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Hotel Tipping Etiquette

It's the start of summer travel season and for many, staying at a hotel presents multiple opportunities for tipping confusion. Even veteran travelers are sometimes unsure.
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It's the start of summer travel season and for many, staying at a hotel presents multiple opportunities for tipping confusion. Even veteran travelers are sometimes unsure. Being uncertain about tipping etiquette may lead to under or over tipping, affecting those who rely on gratuity as part of their income. Take note that tipping is subjective, and guidelines vary; the bottom line is to tip with respect to the server. Here are a few friendly suggestions:

The doorman. It's not necessary to tip a doorman for holding open a door, however if they perform a special service such as helping with your shopping bags from the taxi to the front desk, or offering you an umbrella from the front door to the car, $1, to $3 is appropriate. The amount of your tip will depend on the level of assistance you receive.

The valet. When a valet retrieves your car, it is customary to tip them anywhere from $2 to $5. A tip is not necessary if the valet greets you at the curb at check in, or takes your keys and welcomes you back to the hotel after a day of sight-seeing. On the other hand, if the valet assists with heavy lifting, or parks your car at the curb while you run upstairs to make a quick change of clothing before heading out again, a tip of $2 to $5 is a thoughtful gesture. To request a special service when handing the valet your keys, a tip is optional, but a nice gesture.

The bellman. A tip of $1-$2 per bag (more for especially heavy or cumbersome bags) is customary. Should the bellman provide extra services, such as delivering an important document, or retrieving an additional luggage valet, tip $2 to $3.

The front desk staff. No tip is necessary for checking in to the hotel. However, if the front desk acts as the concierge, or goes above and beyond, tip as you would the concierge. Otherwise, a friendly smile and an acknowledgement of a job well done goes a long way in building goodwill. For exemplary service, consider writing a letter to the management.

The concierge. For directions, or simple questions about local sights or nearby restaurants, no tip is required. For arranging a dinner reservation, tip $5. For securing a difficult reservation at an exclusive restaurant or scoring tickets to a sold-out concert or theater performance, a tip can range from $10 -$50, depending on the effort and dollar value of the service.

The housekeepers. These staff members do more to ensure your comfort than virtually any other hotel employee, so be sure not to forget them. Tip an average of $3 to $5 daily, or $1 per person, per day, if there are more than 5 guests per room. Leave a note with your tip, or place it in an envelope with the words "Housekeeping," so the housekeeper understands that the tip is for them and not money you unintentionally left out on the dresser. Tip daily to ensure each housekeeper is compensated as shifts may change from day to day.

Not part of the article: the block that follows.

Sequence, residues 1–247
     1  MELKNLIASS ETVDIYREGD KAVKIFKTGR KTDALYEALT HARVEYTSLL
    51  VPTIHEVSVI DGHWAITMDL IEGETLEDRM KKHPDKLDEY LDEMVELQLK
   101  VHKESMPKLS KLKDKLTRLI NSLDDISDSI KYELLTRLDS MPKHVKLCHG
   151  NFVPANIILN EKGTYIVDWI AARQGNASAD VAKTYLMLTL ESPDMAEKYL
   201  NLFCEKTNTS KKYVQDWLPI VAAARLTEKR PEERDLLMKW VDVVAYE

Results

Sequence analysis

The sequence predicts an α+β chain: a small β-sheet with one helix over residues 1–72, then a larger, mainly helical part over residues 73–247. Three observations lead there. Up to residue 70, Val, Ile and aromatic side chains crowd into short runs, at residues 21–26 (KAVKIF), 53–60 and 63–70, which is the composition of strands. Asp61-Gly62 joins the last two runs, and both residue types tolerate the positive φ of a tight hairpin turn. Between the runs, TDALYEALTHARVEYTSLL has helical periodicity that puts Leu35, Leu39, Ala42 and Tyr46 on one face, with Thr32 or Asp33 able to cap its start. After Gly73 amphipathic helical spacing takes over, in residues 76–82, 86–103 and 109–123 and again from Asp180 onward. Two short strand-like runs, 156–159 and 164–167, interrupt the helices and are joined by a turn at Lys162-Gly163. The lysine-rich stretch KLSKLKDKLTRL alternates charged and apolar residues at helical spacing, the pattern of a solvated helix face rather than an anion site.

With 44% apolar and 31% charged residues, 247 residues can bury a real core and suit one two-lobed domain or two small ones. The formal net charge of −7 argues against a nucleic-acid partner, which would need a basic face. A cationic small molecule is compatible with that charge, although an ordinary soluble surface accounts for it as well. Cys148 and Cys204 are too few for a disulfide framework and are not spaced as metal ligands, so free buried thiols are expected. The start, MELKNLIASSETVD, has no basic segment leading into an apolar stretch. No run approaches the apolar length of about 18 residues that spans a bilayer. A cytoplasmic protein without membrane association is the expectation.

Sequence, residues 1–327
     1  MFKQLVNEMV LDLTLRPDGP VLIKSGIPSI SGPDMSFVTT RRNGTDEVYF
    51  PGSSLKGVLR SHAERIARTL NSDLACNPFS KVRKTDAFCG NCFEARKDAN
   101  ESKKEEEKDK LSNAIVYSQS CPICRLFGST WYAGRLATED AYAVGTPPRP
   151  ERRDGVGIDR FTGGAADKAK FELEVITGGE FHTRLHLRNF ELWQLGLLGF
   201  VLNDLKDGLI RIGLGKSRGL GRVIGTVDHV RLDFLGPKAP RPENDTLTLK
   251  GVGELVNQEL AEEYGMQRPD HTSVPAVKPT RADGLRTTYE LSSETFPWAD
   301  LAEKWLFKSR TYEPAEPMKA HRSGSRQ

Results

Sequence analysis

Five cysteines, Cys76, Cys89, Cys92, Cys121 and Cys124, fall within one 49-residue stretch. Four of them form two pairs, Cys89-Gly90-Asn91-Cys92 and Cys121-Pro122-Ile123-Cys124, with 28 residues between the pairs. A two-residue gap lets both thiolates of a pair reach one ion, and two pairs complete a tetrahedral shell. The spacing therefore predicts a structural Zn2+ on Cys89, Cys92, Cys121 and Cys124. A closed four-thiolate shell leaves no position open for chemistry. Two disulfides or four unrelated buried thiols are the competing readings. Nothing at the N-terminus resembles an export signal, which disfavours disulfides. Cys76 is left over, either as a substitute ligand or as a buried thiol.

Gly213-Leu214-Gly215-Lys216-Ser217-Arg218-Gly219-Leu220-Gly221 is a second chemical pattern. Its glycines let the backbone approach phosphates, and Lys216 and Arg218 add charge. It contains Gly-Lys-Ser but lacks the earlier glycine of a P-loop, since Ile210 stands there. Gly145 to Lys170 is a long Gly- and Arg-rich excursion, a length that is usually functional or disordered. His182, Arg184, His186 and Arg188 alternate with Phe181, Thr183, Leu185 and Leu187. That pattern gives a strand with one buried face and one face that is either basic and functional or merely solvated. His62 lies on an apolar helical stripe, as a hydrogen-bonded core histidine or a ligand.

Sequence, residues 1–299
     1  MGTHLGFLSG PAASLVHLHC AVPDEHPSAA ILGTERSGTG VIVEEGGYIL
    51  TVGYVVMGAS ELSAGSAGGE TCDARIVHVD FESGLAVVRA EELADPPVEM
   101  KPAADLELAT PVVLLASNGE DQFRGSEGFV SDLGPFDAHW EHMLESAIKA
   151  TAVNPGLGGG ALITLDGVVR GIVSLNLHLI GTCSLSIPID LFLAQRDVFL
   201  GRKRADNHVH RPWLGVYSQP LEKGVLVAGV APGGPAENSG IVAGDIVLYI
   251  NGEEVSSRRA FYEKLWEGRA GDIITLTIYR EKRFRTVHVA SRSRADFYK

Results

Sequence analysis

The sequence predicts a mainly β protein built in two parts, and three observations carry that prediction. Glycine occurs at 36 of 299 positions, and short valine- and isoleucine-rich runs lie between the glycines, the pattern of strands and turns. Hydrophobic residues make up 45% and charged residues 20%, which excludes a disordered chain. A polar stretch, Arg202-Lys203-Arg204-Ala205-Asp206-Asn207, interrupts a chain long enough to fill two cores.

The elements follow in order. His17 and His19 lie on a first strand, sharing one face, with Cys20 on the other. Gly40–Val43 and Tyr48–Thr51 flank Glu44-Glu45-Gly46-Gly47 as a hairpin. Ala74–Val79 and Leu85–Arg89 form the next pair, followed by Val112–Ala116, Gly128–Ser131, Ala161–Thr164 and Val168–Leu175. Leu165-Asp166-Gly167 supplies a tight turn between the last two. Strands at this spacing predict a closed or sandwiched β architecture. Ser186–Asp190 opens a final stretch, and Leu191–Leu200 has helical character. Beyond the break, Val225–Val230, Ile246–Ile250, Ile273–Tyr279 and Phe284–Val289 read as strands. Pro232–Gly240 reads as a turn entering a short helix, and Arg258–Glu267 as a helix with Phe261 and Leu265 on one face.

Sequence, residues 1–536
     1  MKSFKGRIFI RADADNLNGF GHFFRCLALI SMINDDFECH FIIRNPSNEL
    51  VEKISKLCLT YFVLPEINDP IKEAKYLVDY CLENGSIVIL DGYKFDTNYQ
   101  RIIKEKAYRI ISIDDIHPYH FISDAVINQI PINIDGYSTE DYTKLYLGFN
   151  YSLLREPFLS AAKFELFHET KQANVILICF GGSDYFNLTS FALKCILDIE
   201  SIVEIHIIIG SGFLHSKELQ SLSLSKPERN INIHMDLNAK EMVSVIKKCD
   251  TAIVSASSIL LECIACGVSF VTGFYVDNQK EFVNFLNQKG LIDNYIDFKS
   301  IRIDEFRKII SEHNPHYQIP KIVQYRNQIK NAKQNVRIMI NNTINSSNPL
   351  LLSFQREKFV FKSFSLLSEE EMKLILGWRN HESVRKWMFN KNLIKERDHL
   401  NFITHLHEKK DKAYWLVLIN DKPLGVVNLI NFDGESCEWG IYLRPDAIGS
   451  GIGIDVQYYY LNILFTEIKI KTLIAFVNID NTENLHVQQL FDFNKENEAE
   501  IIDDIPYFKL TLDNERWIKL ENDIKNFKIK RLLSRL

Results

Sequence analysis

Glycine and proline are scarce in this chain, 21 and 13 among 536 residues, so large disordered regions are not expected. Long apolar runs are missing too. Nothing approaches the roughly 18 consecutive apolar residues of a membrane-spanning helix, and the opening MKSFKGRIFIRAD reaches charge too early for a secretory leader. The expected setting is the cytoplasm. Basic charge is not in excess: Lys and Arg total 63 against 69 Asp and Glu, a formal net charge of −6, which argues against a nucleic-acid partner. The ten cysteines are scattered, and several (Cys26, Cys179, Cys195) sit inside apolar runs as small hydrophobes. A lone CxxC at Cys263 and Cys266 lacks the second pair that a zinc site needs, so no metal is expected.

The room service staff. Room service gratuity is often included in the cost of the hotel meal, generally ranging around 15 percent. If the server is polite and offers to get you ice and set up a meal table, or retrieve special condiments after delivery, an additional tip is welcome, but not necessary. Research in advance, or check your bill to see if gratuity has been added. If not, tip 15 to 20 percent of food bill.

The hotel spa providers (masseuse, esthetician, manicurist). Check to see if the spa automatically includes gratuity in the final bill. Tip hotel spa attendants as you would at a free-standing spa, 15 to 20 percent of the bill.

The pool attendant. For additional towels or an extra float, tip $1 per service.

The hotel restaurant wait staff. As with any restaurant, a gratuity of 15 to 20 percent of the bill is standard for wait staff. Check the bill to see if gratuity has already been added.

At a buffet, where you serve yourself, it's fitting to tip $2 to $5 to the server attending your table throughout the night.

The hotel bartender. Tip 15 to 20 percent of the bar tab, or $1 per alcoholic drink.

The hotel shuttle driver. Tip $1 to $2 per person each time you use the service, and an additional $1 per bag for heavy luggage.

Finally, it's important to remember that tipping is linked to performance and a gratuity should be graciously earned. If you encounter poor service, it's your prerogative to lower the amount of your tip, or not tip at all only under extreme circumstances, making a point to express your concerns to the manager. In virtually all situations, gratuities should be paid to the service provider immediately after the service is rendered. Stock up on dollar bills and brush up on tipping etiquette before your next hotel stay.

For more tips read Diane's blog, Tipping Etiquette for Spring and Summer Travel. Visit Diane's blog, connect with her here on The Huffington Post, follow her on Pinterest and "like" The Protocol School of Texas on Facebook.